Will it make any difference to the procurement programme, led by John Collington? Not a huge amount, we would guess. Watmore was supportive, and I believe he and Collington have a very good relationship, but Francis Maude as the Minister has been the real driving force and muscle behind the programme when some authority has been needed to get or keep the departments in line. As long as Collington and Maude are in place, we don’t see the likelihood of any big change of direction. A Cabinet reshuffle could change all that of course.

Melanie Dawes, interim Perm Sec for Cabinet Ofice

The new interim Permanent Secretary is Melanie Dawes. She’s ex Treasury and HMRC, she’s an economist, and looks far too young to be a Perm Sec - but I don’t know her or much else about her. She has left an amazingly light Google trail over the last years, but she doesn’t appear to have any background in procurement issues. So one suspects there’s unlikely  to be any great change of direction coming from her in the period while they recruit a new permanent leader.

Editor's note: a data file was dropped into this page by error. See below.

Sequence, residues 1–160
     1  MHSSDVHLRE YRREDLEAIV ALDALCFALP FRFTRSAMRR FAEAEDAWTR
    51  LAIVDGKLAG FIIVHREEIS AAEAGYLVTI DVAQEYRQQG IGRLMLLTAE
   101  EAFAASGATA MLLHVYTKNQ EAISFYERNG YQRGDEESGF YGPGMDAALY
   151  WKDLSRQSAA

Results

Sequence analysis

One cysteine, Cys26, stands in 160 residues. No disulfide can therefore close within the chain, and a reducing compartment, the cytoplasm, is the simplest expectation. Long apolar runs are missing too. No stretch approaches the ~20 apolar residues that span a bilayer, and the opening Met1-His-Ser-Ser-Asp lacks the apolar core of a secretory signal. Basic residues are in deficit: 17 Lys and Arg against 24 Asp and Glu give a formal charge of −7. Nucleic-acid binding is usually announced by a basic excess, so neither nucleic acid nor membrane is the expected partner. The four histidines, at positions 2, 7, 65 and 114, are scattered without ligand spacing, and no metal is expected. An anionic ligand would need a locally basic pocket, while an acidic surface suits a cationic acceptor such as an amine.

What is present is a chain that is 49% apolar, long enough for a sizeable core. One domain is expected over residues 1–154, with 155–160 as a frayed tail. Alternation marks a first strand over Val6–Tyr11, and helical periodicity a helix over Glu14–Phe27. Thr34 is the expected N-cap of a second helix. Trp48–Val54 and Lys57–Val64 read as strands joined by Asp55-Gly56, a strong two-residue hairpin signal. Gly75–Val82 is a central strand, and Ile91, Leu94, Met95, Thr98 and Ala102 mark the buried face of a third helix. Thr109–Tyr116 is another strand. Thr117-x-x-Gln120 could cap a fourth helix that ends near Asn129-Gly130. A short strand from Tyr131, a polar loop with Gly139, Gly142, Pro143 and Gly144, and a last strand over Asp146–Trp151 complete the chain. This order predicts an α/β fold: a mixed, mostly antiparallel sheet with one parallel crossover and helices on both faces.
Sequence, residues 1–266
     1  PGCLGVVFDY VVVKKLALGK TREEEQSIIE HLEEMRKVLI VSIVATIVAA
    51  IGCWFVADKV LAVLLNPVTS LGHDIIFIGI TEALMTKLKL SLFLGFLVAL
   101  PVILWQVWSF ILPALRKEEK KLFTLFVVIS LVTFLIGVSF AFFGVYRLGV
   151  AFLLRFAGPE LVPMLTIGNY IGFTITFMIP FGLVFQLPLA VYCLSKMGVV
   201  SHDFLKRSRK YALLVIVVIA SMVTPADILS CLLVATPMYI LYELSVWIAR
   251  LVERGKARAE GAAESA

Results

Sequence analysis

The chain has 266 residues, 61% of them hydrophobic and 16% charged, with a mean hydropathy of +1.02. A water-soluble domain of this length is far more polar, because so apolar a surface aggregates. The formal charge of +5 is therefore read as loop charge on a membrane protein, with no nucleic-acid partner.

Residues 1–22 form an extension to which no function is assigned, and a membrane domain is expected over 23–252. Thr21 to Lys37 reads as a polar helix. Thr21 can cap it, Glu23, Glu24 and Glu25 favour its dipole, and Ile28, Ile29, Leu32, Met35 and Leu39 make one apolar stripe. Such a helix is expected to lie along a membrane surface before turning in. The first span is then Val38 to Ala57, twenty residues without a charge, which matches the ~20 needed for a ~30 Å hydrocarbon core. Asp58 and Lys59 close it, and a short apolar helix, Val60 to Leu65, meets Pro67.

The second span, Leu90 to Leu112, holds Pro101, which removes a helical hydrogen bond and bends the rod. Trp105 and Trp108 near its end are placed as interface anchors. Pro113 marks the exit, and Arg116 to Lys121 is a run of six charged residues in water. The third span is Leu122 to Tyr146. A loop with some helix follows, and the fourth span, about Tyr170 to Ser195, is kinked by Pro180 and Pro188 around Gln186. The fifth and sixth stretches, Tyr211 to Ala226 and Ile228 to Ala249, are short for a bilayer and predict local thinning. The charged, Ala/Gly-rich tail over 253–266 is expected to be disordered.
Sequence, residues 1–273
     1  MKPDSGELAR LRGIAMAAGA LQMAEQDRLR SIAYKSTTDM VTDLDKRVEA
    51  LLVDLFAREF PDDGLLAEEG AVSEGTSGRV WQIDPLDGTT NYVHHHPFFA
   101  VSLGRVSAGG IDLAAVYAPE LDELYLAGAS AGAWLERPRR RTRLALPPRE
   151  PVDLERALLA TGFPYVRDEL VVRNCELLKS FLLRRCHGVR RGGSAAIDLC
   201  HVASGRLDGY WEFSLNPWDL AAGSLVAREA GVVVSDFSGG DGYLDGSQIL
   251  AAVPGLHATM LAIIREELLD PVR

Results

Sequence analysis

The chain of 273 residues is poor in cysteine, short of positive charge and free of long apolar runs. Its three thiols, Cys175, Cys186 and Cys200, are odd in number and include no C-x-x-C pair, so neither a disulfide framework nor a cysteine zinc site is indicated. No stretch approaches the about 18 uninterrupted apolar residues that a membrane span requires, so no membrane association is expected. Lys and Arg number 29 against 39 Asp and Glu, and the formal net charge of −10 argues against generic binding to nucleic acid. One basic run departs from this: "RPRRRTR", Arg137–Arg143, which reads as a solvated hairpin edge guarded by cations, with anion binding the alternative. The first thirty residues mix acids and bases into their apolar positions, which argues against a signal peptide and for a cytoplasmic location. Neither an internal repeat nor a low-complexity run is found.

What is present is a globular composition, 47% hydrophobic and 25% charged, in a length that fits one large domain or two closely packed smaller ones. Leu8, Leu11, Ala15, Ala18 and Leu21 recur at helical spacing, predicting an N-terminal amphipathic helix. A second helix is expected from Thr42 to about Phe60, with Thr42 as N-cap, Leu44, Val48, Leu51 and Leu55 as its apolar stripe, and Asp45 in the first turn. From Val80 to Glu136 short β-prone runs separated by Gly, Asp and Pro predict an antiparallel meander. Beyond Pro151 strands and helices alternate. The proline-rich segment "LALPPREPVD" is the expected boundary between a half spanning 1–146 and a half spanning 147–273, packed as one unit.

Anyway, we wish Ian Watmore well in whatever he does in the future, and I’m sure we will hear his name again in some significant role!


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Voices (5)

  1. Smasher:

    Yes Peter Smith – I was replying to the comment on 5th July, which was just grubby cynicism about one of the few genuine role models there are in leadership. I thought your article was interesting and engaging, and the tone reflected the situation well. No criticism from me on the research or content.

  2. Cabo:

    You clearly have no idea of the truth. Watmore has a terrible reputation for employing and promting old accenture workers; ignoring ministers; allowing bullying. He has never been successful is distrusted and disliked by the masses.

    Speak to anyone who has actually worked with him and you will hear tales of manipulation, personal attacks, public ridicule, lack of thought, vision and a complete apathy for actually doing any work.